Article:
Group aims to bridge gender gap in tech fields

Tom Brenner

Kristen Curtze ’09, ’11, left, and Liz Gombert ’09 launched a chapter of Girl Develop It in Rochester in September.

Kristen Curtze ’09, ’11 (new media interactive development, communication and media technologies) initially didn’t think too much about the pink sticker a fellow female developer gave her at a conference in South Carolina this summer.

But after the woman explained to Curtze and college friend Liz Gombert ’09 (new media design and imaging) that the sticker represented the organization Girl Develop It, they realized that Rochester could benefit from having a chapter.

“There are women who feel like they missed the tech boat a bit,” said Gombert, who is a thesis away from a master’s degree in graphic design at RIT and works as the lead user experience designer for Solu Technology Partners at Xerox. “This is a chance to have an organization that can introduce them in a nice, easy way that is not intimidating or overwhelming.”

Rochester’s Girl Develop It kicked off with a launch party in late September in RIT’s Center for Media, Arts, Games, Interaction and Creativity (MAGIC). Both MAGIC and RIT’s Women in Computing are supporting the organization.

The goal of the group is to help adults learn Web and software development through classes, workshops and networking. Although the organization is targeted at women who are underrepresented in the Internet technology field, men are welcome.

Curtze and Gombert hope to start introductory to basic coding and Web design classes by the end of this year. Classes could be all in one day or split up into several nights, depending on the teacher. Eventually, they will add more advanced classes and networking events.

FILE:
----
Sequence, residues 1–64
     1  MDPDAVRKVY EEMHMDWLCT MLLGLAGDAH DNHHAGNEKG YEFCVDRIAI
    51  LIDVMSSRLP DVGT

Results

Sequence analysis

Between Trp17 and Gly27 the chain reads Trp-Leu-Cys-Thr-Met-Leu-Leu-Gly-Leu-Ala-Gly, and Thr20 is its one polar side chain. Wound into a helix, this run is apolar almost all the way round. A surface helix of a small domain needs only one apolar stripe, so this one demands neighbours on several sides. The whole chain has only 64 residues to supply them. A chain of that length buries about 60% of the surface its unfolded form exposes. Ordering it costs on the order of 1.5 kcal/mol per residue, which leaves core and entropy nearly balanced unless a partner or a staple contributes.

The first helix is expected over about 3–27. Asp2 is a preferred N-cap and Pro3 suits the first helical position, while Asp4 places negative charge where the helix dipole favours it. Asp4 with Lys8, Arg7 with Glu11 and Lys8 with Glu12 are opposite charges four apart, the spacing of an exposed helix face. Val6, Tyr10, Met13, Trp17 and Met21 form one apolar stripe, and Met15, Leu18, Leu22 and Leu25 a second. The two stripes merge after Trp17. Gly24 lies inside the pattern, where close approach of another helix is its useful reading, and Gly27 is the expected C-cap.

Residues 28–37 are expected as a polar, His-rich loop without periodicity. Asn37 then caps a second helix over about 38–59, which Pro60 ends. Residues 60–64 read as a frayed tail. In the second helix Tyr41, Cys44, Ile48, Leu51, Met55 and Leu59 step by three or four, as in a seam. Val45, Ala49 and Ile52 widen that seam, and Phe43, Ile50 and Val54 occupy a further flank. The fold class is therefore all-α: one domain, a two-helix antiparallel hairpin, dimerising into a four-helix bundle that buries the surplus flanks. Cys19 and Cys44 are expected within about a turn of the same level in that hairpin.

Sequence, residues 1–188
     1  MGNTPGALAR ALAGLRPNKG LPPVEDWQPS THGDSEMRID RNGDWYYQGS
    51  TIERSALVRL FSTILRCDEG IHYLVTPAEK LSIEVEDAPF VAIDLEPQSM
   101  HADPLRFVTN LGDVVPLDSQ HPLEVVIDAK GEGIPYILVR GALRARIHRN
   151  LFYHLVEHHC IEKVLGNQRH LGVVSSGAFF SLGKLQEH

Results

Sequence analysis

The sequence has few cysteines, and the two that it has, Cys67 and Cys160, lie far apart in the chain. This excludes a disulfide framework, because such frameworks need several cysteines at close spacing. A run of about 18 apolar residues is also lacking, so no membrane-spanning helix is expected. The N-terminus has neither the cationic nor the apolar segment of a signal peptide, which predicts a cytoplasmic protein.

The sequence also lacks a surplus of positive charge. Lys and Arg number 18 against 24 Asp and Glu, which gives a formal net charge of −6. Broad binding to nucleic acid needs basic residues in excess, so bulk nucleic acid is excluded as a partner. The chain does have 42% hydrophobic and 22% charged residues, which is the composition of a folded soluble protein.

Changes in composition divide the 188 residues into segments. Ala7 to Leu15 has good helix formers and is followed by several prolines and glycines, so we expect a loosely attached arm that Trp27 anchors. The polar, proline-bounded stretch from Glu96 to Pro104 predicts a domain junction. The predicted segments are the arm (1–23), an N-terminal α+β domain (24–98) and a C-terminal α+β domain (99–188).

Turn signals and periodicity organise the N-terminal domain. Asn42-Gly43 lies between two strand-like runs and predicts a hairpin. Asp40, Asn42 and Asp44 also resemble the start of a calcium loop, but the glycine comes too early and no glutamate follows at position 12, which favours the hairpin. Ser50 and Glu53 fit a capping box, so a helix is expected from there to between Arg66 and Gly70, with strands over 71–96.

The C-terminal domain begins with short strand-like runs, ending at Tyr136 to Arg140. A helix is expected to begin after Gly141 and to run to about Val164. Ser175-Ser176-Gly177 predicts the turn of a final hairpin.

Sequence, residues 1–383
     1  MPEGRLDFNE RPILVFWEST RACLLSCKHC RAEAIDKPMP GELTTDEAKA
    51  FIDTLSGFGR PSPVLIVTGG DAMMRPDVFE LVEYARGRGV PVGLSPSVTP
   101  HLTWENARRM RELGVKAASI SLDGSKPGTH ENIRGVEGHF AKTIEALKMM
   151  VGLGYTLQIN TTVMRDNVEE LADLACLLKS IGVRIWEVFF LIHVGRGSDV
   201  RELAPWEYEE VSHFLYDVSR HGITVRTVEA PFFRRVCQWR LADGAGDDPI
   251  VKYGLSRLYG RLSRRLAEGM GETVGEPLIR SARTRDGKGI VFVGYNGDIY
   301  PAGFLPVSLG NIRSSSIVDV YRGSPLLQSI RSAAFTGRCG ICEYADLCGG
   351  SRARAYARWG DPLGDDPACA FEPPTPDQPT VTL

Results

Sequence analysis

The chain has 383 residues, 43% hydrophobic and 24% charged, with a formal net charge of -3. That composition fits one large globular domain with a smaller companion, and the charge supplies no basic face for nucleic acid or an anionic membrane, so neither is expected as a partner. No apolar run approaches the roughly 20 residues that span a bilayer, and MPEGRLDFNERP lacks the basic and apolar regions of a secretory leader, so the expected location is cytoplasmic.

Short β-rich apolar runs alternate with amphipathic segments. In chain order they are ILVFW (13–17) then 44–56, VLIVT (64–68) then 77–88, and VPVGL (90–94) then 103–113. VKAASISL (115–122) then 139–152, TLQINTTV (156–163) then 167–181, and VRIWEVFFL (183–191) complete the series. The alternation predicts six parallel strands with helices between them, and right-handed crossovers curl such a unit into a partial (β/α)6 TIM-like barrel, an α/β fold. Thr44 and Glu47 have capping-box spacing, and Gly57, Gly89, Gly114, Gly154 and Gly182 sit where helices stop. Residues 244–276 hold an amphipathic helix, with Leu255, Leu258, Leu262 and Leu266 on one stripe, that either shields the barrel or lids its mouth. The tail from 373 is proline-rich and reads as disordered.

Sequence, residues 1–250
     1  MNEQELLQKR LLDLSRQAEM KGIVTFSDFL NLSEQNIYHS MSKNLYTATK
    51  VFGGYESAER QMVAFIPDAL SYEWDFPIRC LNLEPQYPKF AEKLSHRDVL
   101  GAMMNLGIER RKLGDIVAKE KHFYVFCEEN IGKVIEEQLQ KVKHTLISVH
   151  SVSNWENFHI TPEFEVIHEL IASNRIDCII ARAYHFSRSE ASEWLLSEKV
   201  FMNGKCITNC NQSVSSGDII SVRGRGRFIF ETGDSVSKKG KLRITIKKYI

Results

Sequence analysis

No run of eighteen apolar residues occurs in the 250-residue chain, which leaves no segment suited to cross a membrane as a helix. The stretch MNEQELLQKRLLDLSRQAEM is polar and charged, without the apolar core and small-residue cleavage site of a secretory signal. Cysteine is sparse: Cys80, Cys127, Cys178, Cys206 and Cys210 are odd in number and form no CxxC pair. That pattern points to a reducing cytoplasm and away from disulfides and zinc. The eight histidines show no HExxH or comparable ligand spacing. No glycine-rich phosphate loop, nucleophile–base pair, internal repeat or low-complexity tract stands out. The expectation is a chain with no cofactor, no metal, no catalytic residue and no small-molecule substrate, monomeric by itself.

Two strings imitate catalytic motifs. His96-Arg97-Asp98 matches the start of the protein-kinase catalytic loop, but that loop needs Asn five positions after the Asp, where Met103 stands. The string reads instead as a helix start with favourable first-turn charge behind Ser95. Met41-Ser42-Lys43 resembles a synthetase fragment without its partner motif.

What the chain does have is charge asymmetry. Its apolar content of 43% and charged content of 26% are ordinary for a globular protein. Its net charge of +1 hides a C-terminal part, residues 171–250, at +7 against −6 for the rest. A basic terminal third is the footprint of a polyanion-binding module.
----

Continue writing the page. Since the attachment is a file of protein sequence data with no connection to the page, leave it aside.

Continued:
Curtze, a Web developer who has never worked with another female in IT, said they are already hearing positive feedback from local start-ups, who think this will help the Rochester workforce get more well-rounded.

Girl Develop It has chapters in more than 35 cities across the country. For Curtze and Gombert, a local chapter is a way to give back to the community. “I know how to build products. I know how to make things work,” Curtze said. “But I wanted to do something more than just making things function.”

Gombert added that they realize change isn’t going to happen overnight, but this organization is a good start.

“We are trying to help women get their foot in the door so the numbers can change in the next five years, the next 10 years,” Gombert said. “We want them to be more confident to join the workforce in this field.”


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